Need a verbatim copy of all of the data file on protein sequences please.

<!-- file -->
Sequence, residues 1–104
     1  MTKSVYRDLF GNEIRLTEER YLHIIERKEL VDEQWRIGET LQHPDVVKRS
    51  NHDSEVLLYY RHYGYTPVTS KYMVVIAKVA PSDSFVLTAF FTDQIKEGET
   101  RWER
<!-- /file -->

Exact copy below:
Sequence, residues 1–104
     1  MTKSVYRDLF GNEIRLTEER YLHIIERKEL VDEQWRIGET LQHPDVVKRS
    51  NHDSEVLLYY RHYGYTPVTS KYMVVIAKVA PSDSFVLTAF FTDQIKEGET
   101  RWER